The Irresponsible Self: On Laughter and the Novel

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Farrar, Straus and Giroux, Apr 1, 2005 - Literary Collections - 320 pages

"James Wood has been called our best young critic. This is not true. He is our best critic; he thinks with a sublime ferocity."--Cynthia Ozick

Following the collection The Broken Estate--which established James Wood as the leading critic of his generation--The Irresponsible Self confirms Wood's preeminence, not only as a discerning judge but also as an appreciator of contemporary novels.

In twenty-three passionate, sparkling dispatches, he effortlessly connects his encyclopedic, passionate understanding of the literary canon with an equally earnest and appreciative view of the most discussed authors writing today, including Franzen, Pynchon, Rushdie, DeLillo, Naipaul, David Foster Wallace, and Zadie Smith.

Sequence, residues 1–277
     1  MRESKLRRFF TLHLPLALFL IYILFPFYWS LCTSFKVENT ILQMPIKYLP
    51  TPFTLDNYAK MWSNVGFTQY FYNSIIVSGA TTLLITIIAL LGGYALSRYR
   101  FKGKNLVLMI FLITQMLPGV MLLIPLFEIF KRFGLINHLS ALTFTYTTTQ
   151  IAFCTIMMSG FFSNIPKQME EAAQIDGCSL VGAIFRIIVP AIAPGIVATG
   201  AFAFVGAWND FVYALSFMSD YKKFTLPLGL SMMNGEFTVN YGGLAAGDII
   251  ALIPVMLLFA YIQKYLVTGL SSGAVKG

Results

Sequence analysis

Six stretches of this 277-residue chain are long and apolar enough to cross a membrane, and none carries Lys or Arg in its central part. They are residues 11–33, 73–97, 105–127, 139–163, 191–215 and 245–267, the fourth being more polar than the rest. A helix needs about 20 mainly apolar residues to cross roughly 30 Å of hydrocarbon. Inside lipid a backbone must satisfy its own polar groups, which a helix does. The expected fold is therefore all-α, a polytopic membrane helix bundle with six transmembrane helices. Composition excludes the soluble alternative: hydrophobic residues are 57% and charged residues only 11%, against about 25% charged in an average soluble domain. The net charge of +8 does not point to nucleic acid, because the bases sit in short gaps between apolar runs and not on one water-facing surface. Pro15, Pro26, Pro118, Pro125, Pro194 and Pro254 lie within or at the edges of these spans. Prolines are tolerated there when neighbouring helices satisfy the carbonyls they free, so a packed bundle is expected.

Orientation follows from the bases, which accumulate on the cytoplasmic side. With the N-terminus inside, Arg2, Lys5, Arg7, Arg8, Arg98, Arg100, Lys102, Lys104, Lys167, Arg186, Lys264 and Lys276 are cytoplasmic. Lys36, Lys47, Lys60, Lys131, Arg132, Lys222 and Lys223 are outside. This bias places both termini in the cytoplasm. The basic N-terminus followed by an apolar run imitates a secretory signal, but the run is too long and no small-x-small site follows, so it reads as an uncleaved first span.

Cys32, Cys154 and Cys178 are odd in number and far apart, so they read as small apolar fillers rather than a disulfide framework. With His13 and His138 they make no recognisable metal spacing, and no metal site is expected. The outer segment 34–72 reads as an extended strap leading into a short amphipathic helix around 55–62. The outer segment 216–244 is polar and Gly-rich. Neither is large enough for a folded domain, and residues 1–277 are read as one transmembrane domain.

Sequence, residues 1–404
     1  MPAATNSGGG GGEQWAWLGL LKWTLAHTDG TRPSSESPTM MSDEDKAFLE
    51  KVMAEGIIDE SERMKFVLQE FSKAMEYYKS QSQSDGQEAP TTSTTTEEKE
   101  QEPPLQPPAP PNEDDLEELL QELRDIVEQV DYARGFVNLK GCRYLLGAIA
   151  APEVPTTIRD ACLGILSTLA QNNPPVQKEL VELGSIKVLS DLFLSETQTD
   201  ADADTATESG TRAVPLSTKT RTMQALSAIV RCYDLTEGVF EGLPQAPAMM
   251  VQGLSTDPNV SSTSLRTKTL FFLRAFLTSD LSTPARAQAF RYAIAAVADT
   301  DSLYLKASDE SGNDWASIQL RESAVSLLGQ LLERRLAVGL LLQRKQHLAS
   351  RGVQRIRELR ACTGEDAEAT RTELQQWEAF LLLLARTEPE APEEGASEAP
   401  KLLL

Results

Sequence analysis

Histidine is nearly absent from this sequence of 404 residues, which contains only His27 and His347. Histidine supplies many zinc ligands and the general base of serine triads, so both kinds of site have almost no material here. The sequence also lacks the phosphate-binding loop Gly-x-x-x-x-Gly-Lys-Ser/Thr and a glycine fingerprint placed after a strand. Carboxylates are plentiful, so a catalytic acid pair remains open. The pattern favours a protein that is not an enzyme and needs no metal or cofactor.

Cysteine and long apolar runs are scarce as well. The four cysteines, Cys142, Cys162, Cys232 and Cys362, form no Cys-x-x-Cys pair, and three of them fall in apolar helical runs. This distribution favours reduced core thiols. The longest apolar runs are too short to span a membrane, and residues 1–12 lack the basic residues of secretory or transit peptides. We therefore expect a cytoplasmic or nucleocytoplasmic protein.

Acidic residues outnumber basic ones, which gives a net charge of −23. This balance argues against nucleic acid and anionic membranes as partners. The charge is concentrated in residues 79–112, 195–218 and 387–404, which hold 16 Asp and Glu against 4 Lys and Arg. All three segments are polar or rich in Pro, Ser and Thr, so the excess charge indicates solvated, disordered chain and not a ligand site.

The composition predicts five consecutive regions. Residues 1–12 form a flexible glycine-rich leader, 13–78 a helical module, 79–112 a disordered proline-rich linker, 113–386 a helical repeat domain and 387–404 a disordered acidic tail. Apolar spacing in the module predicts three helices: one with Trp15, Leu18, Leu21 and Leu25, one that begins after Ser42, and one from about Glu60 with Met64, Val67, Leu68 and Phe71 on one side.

This collection includes Wood's famous and controversial attack on "hysterical realism", and his sensitive but unsparing examinations of White Teeth and Brick Lane. The Irresponsible Self is indispensable reading for anyone who cares about modern fiction.


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THE IRRESPONSIBLE SELF: On Laughter and the Novel

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A theory of distinctively "modern" comedy is and isn't consistently addressed in this provocative gathering of 21 recent (1999-2003) reviews by the stylish critic (The Broken Estate, 1999, etc.) and ... Read full review

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About the author (2005)

James Wood was the chief literary critic of The Guardian and is a senior editor at The New Republic. His previous work includes The Book Against God (Picador, 2004).

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